An Interview with Dean Edwards

Dean Edwards was kind enough to answer a few questions on JavaScript.

Tell me a bit of your background and how you got into JavaScript programming?

I’ve been a programmer (professionally) for twenty years. Most of that time I’ve been a GUI builder using things like the Windows API and visual tools such as Microsoft’s Visual Studio. Five years ago I saw that The Web was the future of user interfaces so I took some time out and retrained myself as a web developer. JavaScript was pretty easy to learn but cross-browser incompatibilities meant that it was extremely difficult to build consistent interfaces. Things have improved a lot but there is still a lot to know and code around. Coding around browser differences is now a passion of mine. :-)

With JavaScript seeing somewhat of a revival from it’s DHTML origins, are there particular sites or books that you would recommend to people wanting to learn the ropes?

I learnt JavaScript by reading David Flanagan’s excellent JavaScript: The Definitive Guide. The rest I learned from googling for solutions to coding problems. Sites that I visited frequently included Scott Andrew LaPera’s (who now produces The Strange Zen Of JavaScript) and WebFX from Erik Arvidsson and Emil Eklund.

Probably one of the core elements of object oriented programming with JavaScript is declaring an object. Some create a function and use Others use the prototype property. And others use object literals. Is there a definitive way that we should be using or does it really matter?

To understand object construction in JavaScript you really need to understand prototype based inheritance.

Consider the following constructor:

function Circle(radius) {
    this.radius = radius;
    this.getCircumference = function() {
        return 2 * Math.PI * this.radius;

You create an instance of Circle using the new operator:

var circle = new Circle(50);

Because functions are first-class objects in JavaScript, every time you create a new Circle object you are also creating a new getCircumference method. It is also worth noting that you are creating a closure as the getCircumference method is defined inside another function (the Circle constructor).

An alternative way to express this class is as follows:

function Circle(radius) {
    this.radius = radius;
Circle.prototype.getCircumference = function() {
    return 2 * Math.PI * this.radius;

In this case the getCircumference method is defined on the prototype property of the Circle constructor. When the Circle class is instantiated a new getCircumference method is no longer created. Instead this method is inherited from the prototype. This is clearly faster and uses less memory than the previous technique. In most cases this is the technique I would recommend.

You often hear of closures but are they good or bad?

Closures have a bad reputation because of the memory leak problem in Internet Explorer. Fortunately, this bug only occurs under certain circumstances and in most cases closures are safe to use. To answer your question, closures are a powerful feature of JavaScript (good) just beware of the IE bug (bad).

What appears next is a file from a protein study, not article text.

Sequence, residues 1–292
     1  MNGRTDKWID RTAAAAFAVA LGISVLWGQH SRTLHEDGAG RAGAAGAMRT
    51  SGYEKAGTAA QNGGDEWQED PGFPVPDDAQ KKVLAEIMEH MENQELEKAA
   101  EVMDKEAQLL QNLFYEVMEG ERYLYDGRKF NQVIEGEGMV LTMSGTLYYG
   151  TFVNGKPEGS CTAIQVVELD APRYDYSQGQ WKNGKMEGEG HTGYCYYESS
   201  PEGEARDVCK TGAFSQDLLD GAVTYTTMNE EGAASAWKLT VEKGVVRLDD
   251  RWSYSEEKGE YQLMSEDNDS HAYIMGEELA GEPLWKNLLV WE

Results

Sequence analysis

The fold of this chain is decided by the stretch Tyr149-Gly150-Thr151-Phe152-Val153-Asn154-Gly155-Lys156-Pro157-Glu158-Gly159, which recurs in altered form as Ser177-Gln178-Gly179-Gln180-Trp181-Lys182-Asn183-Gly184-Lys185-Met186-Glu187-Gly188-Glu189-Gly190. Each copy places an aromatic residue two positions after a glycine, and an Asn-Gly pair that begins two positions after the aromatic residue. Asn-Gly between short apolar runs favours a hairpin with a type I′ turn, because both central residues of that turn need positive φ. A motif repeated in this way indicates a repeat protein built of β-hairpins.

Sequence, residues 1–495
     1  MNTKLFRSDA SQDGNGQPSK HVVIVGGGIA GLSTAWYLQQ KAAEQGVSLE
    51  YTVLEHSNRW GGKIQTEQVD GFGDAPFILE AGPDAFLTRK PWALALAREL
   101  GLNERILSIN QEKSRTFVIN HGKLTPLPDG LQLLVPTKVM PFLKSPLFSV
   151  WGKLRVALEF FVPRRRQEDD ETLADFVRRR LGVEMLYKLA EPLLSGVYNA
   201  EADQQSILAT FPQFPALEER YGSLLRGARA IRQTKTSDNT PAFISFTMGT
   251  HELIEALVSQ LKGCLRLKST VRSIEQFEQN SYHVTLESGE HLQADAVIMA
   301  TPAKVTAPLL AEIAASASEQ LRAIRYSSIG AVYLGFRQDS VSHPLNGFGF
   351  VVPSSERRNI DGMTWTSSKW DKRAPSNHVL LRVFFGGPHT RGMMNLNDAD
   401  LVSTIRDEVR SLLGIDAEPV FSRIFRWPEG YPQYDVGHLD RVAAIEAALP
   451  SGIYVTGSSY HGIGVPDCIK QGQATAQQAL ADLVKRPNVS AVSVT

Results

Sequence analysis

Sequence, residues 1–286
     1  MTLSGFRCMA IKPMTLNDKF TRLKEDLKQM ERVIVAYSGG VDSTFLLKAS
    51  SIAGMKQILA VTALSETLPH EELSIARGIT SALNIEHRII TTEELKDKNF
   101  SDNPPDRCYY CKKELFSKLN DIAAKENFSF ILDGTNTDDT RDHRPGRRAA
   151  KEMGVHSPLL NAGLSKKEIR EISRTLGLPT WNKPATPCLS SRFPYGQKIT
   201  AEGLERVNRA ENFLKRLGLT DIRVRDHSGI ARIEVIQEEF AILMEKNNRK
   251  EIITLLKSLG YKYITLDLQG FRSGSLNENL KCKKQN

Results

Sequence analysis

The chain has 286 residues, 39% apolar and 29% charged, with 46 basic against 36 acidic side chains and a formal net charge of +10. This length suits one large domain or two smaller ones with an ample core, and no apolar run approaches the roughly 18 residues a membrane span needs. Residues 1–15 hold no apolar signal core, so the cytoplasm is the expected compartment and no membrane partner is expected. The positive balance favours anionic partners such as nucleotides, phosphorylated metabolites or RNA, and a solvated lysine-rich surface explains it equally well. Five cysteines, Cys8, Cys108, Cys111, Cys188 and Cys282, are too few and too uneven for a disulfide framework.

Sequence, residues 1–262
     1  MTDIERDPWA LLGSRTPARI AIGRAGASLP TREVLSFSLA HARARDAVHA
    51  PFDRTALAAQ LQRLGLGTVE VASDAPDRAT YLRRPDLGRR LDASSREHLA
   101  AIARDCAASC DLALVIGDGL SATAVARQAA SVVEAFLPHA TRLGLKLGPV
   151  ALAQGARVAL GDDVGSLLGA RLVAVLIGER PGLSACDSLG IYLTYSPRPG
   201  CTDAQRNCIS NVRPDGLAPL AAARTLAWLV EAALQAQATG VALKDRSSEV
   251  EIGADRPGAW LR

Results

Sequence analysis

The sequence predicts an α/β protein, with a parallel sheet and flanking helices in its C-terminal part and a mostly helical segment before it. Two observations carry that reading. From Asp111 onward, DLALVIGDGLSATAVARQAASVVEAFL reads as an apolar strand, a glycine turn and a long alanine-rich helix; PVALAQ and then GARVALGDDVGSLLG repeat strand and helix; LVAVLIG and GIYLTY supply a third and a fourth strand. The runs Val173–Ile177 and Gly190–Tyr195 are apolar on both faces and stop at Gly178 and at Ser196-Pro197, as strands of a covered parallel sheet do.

Your ‘about’ page says that you mostly rely on alert for bug testing. Is this still the case?

Yes. :-) It is a quick and easy way to debug code. If I need to properly inspect data or step through code then I use the Microsoft Script Debugger. It’s not a great debugging tool but I’ve been using it a long time so I know how to use it effectively.

You’ve just started your JavaScript Tips. Can we expect this to be an ongoing series? Any other interesting projects that you’d like to share?

Yes. This will be an ongoing series. Let’s see how long I can keep it going. I might run out of tips quite quickly!

As for other projects, I will be concentrating on the Web Forms 2.0 implementation for Internet Explorer. This is written using my JavaScript OO framework so I will be working on that a lot too. I may also write an implementation of the canvas element. Oh yeah, I’ll be releasing the first production release of IE7 early in the year. :-)

Thanks for taking the time Dean to answer some questions.

Cheers Jonathan!

Published March 19, 2006 · Updated September 14, 2006
Categorized as Writing
Short URL:


7 Comments · RSS feed
Justin Palmer said on March 21, 2006

Great interview Jonathan. You didn't drill him on whether he was secretly using Prototype or not? ;-)

NocturnDragon said on April 30, 2006

Great interview! but it looks like Google has beaten Dean on an implementation of canvas for IE

Andy G. said on November 16, 2006

I´m also a Dean Edwards permanent reader.
You have chosen a really good interview partner Jonathan..

Dominik said on November 21, 2006

Wow what an interesting Interwiev. Great Job Jonathan. I read often your Blog. Greetings from Germany :)

Antje am Wochenende mit dem Kind said on April 02, 2007

the interview is now a a year ago - but still a lot to learn. Thanks

Markus said on June 19, 2007

Nice Interview but i think it's time for an update ;-)

Michel said on September 22, 2008

Interwiev very interesting. We come from Germany and are very often on their blog. You have a really good partner.

Sorry, comments are closed for this post. If you have any further questions or comments, feel free to send them to me directly.

Want to learn about scaling CSS for large projects?

I'm available for full and half-day workshops on scalable CSS architecture. I can provide on-site training for your team. Interested?
Get in touch.